Oregon Massage Liability Insurance Guidelines
Massage therapy is fast becoming one of the most recognized alternative treatment options that will be paid for by many insurance companies. Because of this, people looking for a career or a career change that offers good pay are considering becoming massage therapists (MTs). There are several factors to consider when someone is thinking about becoming a massage professional in Oregon.
Massage Liability Insurance
Before someone considers the educational requirements, they might want to consider the insurance aspects of being an MT. A type of liability or malpractice insurance, it offers protection against claims from a client.
These claims may include:
• Professional Liability. This is the malpractice portion of the insurance policy, where someone claims negligence or fault on the part of the massage therapist.
• General Liability. This coverage is also known as “slip and fall” insurance.
• Products Liability. This covers when there are allegations of reactions to products.
In today’s lawsuit-happy society, having insurance that covers a therapist monetarily from any of these allegations is important. With millions of dollars being sought in suits and allegations, a lawsuit can ruin a therapist financially, making it impossible to continue in business. Getting massage liability insurance is a great way to secure protection from the unexpected. While Oregon does not currently require this insurance, it is always in the massage practitioner’s best interest to be fully protected in case of a lawsuit.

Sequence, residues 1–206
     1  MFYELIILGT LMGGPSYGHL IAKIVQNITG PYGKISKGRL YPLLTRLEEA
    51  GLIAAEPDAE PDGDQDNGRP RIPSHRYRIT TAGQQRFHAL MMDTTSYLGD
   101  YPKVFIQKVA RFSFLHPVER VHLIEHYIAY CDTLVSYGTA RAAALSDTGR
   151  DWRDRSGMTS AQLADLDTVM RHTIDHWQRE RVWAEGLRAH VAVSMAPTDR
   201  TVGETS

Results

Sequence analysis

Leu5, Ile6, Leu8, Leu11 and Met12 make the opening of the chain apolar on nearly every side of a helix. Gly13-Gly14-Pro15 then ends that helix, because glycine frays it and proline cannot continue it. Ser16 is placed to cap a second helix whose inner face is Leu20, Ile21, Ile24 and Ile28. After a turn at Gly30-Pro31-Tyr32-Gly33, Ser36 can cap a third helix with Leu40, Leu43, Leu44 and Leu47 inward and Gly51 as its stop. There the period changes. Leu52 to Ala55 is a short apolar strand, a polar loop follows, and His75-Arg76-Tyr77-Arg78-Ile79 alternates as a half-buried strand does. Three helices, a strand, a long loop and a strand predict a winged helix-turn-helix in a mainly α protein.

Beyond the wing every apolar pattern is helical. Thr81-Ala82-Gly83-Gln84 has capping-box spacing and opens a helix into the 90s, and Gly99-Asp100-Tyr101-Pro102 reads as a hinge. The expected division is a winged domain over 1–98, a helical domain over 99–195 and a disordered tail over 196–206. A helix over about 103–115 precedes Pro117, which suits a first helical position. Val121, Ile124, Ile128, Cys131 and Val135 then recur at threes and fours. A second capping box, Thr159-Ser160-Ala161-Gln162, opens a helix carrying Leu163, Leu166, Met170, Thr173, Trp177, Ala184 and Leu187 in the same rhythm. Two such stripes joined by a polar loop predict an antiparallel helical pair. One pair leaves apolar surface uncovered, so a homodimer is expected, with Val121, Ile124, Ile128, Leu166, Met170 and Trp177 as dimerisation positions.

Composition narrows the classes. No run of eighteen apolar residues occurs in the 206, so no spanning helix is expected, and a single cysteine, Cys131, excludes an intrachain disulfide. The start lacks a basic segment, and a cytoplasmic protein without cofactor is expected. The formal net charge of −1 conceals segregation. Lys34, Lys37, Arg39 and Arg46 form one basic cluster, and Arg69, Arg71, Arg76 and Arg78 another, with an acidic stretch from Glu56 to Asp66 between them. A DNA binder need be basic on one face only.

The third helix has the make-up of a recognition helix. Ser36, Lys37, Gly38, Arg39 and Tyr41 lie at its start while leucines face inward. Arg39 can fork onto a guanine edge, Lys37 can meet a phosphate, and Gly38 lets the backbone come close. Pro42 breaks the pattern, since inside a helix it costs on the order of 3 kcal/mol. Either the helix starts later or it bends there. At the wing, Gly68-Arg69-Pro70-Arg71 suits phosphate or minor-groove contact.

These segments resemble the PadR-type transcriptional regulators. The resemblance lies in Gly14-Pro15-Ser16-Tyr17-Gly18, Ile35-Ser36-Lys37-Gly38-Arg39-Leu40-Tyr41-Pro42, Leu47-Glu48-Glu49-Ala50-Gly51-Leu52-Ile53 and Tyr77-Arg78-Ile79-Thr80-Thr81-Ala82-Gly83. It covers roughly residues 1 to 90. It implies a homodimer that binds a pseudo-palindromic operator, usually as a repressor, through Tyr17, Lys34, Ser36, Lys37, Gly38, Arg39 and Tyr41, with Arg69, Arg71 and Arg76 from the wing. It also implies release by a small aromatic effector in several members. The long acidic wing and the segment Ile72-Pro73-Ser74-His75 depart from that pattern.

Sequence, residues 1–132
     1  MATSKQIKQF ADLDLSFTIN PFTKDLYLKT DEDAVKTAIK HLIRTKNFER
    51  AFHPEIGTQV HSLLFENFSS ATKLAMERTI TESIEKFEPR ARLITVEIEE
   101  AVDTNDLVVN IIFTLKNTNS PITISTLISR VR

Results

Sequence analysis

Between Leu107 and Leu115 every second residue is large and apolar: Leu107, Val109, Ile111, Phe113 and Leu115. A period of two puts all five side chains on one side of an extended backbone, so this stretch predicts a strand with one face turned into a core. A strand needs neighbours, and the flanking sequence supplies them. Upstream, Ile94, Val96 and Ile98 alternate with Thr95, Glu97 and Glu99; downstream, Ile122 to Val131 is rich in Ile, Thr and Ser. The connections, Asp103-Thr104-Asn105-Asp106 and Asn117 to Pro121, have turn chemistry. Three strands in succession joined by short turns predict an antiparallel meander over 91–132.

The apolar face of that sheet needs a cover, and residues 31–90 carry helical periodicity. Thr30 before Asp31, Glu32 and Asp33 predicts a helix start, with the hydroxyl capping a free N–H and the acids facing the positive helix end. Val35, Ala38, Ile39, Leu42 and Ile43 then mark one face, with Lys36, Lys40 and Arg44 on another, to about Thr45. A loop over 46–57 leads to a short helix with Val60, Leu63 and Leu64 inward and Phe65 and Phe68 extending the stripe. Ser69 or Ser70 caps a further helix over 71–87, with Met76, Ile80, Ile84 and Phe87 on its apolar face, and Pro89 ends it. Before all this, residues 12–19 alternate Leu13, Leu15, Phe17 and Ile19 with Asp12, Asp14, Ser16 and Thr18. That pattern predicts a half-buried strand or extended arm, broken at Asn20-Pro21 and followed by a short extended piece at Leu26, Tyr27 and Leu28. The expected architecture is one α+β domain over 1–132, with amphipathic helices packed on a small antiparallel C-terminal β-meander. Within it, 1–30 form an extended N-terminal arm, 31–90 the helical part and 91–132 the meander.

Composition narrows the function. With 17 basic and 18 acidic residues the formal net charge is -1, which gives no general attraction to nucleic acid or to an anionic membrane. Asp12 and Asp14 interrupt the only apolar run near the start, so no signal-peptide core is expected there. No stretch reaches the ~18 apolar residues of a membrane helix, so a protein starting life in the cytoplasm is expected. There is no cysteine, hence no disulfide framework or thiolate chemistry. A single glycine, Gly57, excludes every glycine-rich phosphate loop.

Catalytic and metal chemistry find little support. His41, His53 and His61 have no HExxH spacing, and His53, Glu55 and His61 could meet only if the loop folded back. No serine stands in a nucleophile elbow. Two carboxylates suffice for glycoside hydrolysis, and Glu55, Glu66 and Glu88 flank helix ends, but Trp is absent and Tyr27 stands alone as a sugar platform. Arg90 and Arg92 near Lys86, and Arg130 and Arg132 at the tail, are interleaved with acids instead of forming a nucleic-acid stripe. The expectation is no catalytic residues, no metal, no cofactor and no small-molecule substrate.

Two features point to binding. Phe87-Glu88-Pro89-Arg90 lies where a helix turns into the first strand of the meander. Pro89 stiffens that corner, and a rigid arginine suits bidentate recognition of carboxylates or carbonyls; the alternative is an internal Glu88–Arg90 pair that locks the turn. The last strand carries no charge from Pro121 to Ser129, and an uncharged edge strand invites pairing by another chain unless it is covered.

To become an LMT in the state of Oregon, a person must complete the following requirements:
New Therapists: 500 hours of education.
This can be broken down into the follow segments:
– 200 hours of health sciences. This must include Anatomy and Physiology, Pathology and Kinesiology.
– 300 hours comprised of:
- Massage Therapy and Practical Application
- Clinical Practice
- Business Development
- Hydrotherapy. This is no longer a required subject, but may be included in the educational requirements of the 300 hours.
After a student completes these educational requirements, they will need to take the Oregon Practical Exam and:
– National Certification Board for Therapeutic Massage and Body work
Or – The Federation of State MBLEx (Massage & Bodywork Licensing Exam) exam
People Currently Licensed in Other States
If a therapist is currently licensed in another state and wants to become licensed in Oregon, it is possible to do so without further examination. If you took the state administered practical exam, only the following states are currently considered for possible licensure through the State Endorsement:
– New Hampshire
– North Dakota
– Washington State
For Canada, the following provinces or cities may qualify for the State Endorsement License:
– Newfoundland & Labrador
– Vancouver BC
Both the new student and the person applying for State Endorsement will need to pay an application fee. There are renewal fees and the person renewing their license will need to supply proof of 25 hours of continuing education (CE) credit. All new applicants and renewing practitioners need to have a current CPR card on file. A massage practitioner goes through a lot expense and time to become licensed in the state of Oregon. Protecting that investment is important. That is why it is imperative that all LMPs consider massage liability insurance. It may mean the difference between continuing as a practitioner and going out of business.
Or click here to apply for insurance.
Number of credentialed practitioners in this state: 7,090
Phone: (503) 365-8657
Web Site: http://www.oregon.gov/OBMT
Required Education: 500 hours
Written or Practical Exam: Written and Practical
Exam Administered: MBLEx or NCETMB, State Practical Exam
Renewal Fee: $150 every 2 years (active); $50 (inactive)
CEUs Required: 25 every 2 years, which must include proof of current CPR